Folk Devils of the Far-Right

Folk Devils of the Far-Right

Last year, when the Rotherham child abuse scandal broke the narrative was ready-made. The perpetrators were Asian men, the victims were white girls: it’s multiculturalism, stupid! The proponents of diversity and tolerance were painted as rape apologists. It was a particularly powerful case. More»

The Art of Silas Blak

The Art of Silas Blak

One can break down Seattle hip-hop into four main movements. The first begins in the early ’80s and concludes in 1993, following Sir Mix-a-Lot’s apotheosis and subsequent canonization in hip-hop. The second is between 1994 and 2004, and coincides with the gentrification of the Central District (a transition best captured by Central Intelligence’s 2001’s “Real Estate”). More»

Flyer and Survive

Flyer and Survive

Journalism is where you find it. One of the maxims upon which Souciant was founded, the idea was as much about expressing the aesthetic considerations influencing the magazine’s editorial policy, as much as it was an attempt to stake out how different our content is from other online publications. More»

Latest entries
White Identity Politics

White Identity Politics

As the media has inflated UKIP’s popularity, all analyses should come with a series of clarifications. The party is the fourth in the country in terms of council seats won, but it lags far behind in terms of parliamentary seats. The main gains have been in the European Parliament thanks to low turnout and a proportional electoral system. More»

Georgia's Teen Jihadists

Georgia’s Teen Jihadists

If you drive towards the eastern part of Georgia, to the Chechen border, in Akhmeta, you’ll find a group of picturesque villages, home to the Kists, an ethnic group that traces its origins back to the Chechens of the northern Caucasus. More»

Shelf Life Justice

Shelf Life Justice

“When sorrows come, they come not single spies. But in battalions,” Shakespeare once wrote. And so it has been in Britain this week, as massacres in Malaya and Malawi, and dark deeds during Northern Ireland’s Troubles appeared to be catching up with the establishment. More»

These Greens Are Different

These Greens Are Different

The Green Party has long been a focal point for left-of-centre opinion in Britain. Against the affectations of Blairism, with its claim on the progressive centre-ground running empty after the invasion of Iraq, the Greens looked like the kind of party Labour ought to be. Yet it’s only recently that the Greens have moved onto the mainstream stage. More»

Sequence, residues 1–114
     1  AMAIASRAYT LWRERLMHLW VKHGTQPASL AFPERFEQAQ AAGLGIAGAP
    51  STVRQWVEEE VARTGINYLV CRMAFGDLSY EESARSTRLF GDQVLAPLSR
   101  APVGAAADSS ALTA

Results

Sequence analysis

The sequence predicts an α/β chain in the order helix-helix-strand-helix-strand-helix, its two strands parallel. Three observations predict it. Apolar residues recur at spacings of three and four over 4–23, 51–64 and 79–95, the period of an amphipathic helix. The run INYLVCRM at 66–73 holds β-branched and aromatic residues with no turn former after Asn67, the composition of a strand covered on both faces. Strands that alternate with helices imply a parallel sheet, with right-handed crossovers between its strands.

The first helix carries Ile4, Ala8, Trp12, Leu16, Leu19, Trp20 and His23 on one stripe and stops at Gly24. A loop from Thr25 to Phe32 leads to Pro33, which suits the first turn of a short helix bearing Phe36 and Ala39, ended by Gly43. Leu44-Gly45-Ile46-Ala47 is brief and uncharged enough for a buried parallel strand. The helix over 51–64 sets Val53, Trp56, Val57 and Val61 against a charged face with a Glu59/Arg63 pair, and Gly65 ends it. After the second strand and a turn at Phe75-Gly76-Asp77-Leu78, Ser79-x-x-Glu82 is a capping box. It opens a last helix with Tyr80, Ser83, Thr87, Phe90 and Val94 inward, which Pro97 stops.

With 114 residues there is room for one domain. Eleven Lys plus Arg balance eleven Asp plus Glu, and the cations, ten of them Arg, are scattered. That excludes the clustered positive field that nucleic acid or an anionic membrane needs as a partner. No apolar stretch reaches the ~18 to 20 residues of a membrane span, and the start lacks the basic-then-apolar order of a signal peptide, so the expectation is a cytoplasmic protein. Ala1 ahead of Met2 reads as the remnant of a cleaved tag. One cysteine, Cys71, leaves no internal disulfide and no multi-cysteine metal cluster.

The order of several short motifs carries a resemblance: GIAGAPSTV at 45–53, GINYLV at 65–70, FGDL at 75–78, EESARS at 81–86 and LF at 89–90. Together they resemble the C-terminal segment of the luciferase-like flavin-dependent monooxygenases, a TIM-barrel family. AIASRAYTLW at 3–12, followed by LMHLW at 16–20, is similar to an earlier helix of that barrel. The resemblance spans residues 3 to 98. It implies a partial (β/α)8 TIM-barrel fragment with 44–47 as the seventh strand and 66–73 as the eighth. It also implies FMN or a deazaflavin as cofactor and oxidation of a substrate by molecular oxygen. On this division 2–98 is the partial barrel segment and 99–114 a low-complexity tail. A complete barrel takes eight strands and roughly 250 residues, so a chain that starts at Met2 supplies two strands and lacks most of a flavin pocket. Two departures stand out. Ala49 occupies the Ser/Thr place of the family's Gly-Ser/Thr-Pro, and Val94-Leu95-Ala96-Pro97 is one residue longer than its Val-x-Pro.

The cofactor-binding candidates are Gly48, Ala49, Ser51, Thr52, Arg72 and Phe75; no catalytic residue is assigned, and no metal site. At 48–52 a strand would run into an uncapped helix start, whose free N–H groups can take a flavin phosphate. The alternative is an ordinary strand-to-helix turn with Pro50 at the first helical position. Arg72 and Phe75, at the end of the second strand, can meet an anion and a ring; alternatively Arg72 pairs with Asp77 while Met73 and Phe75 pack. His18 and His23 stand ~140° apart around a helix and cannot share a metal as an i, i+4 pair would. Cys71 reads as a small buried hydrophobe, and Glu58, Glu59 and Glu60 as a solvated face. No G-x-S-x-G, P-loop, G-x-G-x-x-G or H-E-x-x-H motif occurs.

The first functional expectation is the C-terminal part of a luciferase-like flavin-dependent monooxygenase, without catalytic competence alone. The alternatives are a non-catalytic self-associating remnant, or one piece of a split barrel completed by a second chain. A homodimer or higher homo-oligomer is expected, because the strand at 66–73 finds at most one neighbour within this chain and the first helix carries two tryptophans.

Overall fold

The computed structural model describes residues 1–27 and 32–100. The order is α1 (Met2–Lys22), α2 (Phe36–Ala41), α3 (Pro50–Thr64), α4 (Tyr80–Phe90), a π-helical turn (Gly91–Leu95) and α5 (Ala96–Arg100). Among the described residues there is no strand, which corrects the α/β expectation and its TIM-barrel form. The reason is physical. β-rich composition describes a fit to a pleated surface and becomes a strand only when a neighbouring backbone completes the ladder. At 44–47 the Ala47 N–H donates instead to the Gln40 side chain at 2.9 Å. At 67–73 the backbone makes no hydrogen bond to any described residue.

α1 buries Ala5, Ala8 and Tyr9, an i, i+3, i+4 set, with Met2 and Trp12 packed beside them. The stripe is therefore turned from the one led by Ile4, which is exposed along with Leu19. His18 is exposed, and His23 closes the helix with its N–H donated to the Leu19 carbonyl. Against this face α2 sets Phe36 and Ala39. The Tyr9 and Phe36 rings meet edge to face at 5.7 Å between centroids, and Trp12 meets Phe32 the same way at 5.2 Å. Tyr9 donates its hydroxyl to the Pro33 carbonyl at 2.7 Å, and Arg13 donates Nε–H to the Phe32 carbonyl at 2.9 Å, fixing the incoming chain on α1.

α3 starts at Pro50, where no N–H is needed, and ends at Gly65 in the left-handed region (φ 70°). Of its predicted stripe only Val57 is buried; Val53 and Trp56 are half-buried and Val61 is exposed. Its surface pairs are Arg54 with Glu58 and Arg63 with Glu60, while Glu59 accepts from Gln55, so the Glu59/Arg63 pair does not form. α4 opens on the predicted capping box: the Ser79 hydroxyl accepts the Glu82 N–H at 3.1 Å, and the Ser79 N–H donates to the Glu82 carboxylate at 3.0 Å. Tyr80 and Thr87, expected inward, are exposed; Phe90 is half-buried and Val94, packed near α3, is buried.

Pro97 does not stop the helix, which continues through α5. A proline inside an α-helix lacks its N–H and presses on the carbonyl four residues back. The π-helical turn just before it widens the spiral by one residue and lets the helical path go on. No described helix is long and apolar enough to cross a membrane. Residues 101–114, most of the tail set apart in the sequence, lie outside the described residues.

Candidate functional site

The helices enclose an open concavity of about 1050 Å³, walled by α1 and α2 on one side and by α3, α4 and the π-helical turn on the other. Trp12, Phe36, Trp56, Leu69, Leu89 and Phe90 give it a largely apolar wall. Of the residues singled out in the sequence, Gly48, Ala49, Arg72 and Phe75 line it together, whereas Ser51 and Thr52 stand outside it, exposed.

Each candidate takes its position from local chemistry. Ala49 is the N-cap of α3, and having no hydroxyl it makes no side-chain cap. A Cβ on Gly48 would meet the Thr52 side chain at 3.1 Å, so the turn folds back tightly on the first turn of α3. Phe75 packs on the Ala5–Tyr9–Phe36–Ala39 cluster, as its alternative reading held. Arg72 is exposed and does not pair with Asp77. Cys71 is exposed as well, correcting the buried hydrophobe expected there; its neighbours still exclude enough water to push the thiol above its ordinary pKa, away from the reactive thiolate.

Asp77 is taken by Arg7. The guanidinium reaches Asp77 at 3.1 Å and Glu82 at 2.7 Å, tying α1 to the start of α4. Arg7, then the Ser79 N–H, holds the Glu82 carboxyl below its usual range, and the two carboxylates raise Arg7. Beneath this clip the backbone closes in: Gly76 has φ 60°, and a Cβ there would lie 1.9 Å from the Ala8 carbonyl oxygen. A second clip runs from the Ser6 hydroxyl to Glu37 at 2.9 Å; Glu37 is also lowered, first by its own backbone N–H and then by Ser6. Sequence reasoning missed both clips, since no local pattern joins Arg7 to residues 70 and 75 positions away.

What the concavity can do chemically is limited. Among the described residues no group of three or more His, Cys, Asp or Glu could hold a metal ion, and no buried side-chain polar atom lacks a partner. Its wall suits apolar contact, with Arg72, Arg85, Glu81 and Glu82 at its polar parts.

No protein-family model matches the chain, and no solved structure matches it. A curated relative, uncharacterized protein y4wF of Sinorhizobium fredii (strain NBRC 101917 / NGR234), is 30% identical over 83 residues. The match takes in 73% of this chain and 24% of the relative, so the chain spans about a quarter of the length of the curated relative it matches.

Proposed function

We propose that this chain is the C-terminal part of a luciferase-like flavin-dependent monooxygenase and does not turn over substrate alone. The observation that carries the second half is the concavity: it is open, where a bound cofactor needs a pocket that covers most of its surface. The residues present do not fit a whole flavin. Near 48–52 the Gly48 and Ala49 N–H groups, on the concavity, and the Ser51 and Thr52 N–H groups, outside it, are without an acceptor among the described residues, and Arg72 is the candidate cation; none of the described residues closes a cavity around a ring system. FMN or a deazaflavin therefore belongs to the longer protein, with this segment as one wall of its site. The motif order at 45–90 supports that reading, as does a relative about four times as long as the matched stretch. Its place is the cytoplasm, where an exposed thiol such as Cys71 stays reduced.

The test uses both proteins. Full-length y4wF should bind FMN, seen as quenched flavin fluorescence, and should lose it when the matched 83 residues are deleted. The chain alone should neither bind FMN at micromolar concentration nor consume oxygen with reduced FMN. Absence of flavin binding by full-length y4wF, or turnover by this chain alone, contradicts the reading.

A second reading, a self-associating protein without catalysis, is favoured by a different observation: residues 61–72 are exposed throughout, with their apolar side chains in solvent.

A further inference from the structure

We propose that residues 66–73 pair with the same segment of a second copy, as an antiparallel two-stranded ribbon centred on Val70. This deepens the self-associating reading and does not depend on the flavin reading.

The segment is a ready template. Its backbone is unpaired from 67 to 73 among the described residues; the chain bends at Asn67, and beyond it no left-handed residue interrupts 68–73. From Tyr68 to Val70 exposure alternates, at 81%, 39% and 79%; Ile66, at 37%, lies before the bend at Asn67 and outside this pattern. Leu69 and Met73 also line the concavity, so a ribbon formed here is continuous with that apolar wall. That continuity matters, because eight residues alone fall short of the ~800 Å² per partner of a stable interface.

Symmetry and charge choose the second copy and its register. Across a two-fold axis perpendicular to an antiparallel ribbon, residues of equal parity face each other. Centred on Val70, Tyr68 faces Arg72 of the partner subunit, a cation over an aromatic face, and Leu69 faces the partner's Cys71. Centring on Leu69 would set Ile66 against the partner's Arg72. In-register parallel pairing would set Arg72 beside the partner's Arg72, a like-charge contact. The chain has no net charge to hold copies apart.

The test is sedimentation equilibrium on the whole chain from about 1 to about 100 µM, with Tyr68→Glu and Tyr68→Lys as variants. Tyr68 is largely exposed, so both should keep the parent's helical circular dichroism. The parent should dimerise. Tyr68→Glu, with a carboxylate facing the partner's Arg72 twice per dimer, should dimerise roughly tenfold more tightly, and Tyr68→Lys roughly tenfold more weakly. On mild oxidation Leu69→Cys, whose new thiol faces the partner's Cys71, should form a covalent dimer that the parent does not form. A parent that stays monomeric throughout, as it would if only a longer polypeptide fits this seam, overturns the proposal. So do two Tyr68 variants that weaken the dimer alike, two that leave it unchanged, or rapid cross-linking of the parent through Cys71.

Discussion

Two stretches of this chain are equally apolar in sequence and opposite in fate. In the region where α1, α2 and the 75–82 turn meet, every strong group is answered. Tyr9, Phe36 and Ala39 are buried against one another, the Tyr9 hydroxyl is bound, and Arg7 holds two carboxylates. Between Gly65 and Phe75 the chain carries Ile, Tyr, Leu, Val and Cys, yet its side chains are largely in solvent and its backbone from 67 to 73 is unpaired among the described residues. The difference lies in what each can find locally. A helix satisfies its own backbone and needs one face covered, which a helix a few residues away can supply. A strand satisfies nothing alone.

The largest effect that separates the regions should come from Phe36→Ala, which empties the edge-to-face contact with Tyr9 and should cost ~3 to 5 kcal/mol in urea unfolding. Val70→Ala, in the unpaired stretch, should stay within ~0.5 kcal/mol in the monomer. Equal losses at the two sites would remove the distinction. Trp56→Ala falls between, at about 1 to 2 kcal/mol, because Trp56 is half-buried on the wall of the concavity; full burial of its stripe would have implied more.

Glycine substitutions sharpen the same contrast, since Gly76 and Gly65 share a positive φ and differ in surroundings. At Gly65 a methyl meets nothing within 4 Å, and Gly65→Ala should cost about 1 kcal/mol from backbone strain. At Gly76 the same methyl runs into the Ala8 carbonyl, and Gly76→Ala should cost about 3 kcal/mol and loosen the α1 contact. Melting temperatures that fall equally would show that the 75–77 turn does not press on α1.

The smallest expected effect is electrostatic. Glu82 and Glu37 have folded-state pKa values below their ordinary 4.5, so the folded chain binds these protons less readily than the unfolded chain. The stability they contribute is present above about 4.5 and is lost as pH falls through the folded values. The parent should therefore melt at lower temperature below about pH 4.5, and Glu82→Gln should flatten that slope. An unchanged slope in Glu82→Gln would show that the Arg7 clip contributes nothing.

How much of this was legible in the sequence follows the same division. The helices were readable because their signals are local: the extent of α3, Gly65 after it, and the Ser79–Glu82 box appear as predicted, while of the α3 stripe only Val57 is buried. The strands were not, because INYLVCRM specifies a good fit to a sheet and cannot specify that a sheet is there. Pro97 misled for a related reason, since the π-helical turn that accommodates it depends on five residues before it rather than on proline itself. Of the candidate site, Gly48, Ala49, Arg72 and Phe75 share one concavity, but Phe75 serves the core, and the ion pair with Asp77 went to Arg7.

When Europe Fails

When Europe Fails

The shock and horror at the mass drowning in the Mediterranean has been followed by a lot of huffing and puffing about how callous Europe is for allowing this to happen. Indignation abounds, but few solutions are being offered. More»

Letter to a Hindu

Letter to a Hindu

Gandhi was deeply affected by the writings of Leo Tolstoy, and in particular, a letter he wrote in reply to the editor of the magazine Free Hindustan. He would ultimately translate the piece into Gujarati, and disseminate it across the Indian Diaspora. More»

Savvy White Ally

Savvy White Ally

With the first video from his forth-coming album ISSKOOTSIK (Before Here Was Here), spoken-word artist, attorney and activist, Gyasi Ross recovers a revolutionary American moment that occurred on the banks of the Puyallup River in the rural area surrounding Seattle in 1964. More»

Always Inventing Marxism

Always Inventing Marxism

When attempting to assess the work of the Slovenian philosopher Slavoj Žižek, one is tempted to do as Richard Bernstein did in a piece about Habermas in the 1980s and write two columns: one showing what a sympathetic, the other what an unsympathetic critic would say. More»

Metal Pakistan

Metal Pakistan

During the 1990s, numerous Pakistani bands arose from the nascent democracy that followed the end of the Zia ul-Haq era. Dusk was one of them: a Pakistani metal band with a sound that has evolved with the miseries of daily life. More»

The Death of Meaning

The Death of Meaning

Even if you’ve heard nothing about the new Sufjan Stevens album Carrie and Lowell, the cover should make its purpose clear. But I somehow managed to remain willfully ignorant until the moment when I put it on the stereo. It must have been a defense mechanism, because the minute his voice entered the warbling folk of the first track, I was already in tears. More»

The New Ted Heath

The New Ted Heath

If the Financial Times has it right, the centre-left is on course to win Britain’s general election. According to the erstwhile pink tabloid, it all comes down to math. Statistics show that a Labour-SNP government has a 32.5% of victory, whereas the governing Tories lag painfully behind, at 0.39%. If true, it’d be a spectacular drubbing. More»

The Houthis and the Salehs

The Houthis and the Salehs

Hussein Badreddin al-Houthi, father of the ongoing Houthi revolt, demanded greater autonomy and influence for his family as spiritual leaders among Yemen’s Zaydi Shia community. President Ali Abdullah Saleh refused to accept these demands, not wanting to lose power to a rival family.  More»